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Thread: The COVID-19 Updates

  1. #21
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    Quote Originally Posted by Artek View Post
    The WHO bungled this from the beginning. The reason why people didn't take the virus seriously. It took a long time for them to admit that human to human transmission is very likely even if by late December, this is what Chinese scientists have suspected.

    From what I can surmised from the peek in Italy and Spain, February was start of the explosive contagion - the same month the WHO head, Tedros Gebhreyesus said that travel restrictions is "not needed". Then there are those who peddled that this is mild and flu kills more people yearly. Guess what, seasonal flu hardly sends healthcare to it breaking point unlike this virus. He seemed more concerned about the feelings of Beijing than the safety of all humans. But don't be surprised. Back in 2017, Tedros was accused of covering up for the cholera outbreak in Sudan and Ethiopia.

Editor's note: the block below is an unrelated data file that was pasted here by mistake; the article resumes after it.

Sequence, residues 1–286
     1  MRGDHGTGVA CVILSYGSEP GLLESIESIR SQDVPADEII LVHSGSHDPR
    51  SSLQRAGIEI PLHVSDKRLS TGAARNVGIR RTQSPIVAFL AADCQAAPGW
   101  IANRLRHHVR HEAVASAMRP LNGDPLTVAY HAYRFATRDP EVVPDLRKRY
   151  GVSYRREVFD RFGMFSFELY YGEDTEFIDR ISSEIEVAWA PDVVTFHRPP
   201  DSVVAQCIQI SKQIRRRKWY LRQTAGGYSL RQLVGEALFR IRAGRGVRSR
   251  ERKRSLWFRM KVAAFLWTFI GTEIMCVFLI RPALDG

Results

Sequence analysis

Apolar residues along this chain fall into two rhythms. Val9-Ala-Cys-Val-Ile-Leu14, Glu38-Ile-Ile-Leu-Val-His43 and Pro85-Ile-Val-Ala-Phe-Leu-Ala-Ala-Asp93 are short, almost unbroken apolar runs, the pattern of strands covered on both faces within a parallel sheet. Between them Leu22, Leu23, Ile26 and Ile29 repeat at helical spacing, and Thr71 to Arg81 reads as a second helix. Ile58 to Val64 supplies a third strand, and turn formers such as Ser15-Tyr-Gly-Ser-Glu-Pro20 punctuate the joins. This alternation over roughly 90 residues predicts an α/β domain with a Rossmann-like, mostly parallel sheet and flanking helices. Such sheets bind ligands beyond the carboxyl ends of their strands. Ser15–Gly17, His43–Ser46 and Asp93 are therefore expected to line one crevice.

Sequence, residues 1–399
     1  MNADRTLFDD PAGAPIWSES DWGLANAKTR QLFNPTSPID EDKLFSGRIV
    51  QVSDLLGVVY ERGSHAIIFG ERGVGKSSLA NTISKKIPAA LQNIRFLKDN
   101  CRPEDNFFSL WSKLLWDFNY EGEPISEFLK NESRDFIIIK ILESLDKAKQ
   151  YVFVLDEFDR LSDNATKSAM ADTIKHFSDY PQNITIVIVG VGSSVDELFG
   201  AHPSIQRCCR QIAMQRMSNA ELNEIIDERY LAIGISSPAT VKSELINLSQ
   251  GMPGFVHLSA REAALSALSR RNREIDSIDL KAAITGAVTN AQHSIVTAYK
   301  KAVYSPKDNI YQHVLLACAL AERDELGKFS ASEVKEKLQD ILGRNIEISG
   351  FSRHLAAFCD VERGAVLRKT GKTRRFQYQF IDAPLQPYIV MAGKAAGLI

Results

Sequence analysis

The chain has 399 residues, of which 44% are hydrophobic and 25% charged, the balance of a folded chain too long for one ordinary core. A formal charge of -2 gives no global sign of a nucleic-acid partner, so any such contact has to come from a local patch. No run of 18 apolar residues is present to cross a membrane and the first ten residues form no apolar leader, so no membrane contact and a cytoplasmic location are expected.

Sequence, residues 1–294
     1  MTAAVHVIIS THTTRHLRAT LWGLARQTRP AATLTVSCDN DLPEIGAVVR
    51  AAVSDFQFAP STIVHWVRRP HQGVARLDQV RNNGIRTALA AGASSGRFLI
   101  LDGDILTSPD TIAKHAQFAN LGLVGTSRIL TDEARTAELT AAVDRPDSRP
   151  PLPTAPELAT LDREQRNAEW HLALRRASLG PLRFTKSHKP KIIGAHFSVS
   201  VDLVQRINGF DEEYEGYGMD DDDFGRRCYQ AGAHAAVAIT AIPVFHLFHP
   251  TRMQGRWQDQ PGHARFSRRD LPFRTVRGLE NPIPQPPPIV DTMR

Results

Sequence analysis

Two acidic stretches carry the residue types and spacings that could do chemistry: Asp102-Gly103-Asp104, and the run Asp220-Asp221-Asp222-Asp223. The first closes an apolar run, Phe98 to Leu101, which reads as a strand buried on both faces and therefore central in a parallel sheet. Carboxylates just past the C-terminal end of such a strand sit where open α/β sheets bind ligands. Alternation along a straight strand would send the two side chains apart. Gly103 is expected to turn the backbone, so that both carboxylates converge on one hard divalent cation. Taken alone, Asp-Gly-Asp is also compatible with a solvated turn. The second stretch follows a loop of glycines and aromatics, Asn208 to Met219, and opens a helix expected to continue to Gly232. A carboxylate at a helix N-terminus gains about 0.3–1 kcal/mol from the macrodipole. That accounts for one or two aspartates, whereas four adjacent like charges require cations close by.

It seems that the lockdown of Wuhan/Hubei was not a clue to them as to how contagious and bad this virus is.

    Look at where it got us. Many countries have to practically shut down their economy just to contain the spread and flatten the curve as to not break healthcare services.

    I feel that it would have been different if the WHO erred in the safe side by advising against non-essential travel and stricter measures. It would not prevent the spread but it would not be this exponential either.

    The first SARS was taken very seriously by the world. Hence, the spread was not exponential.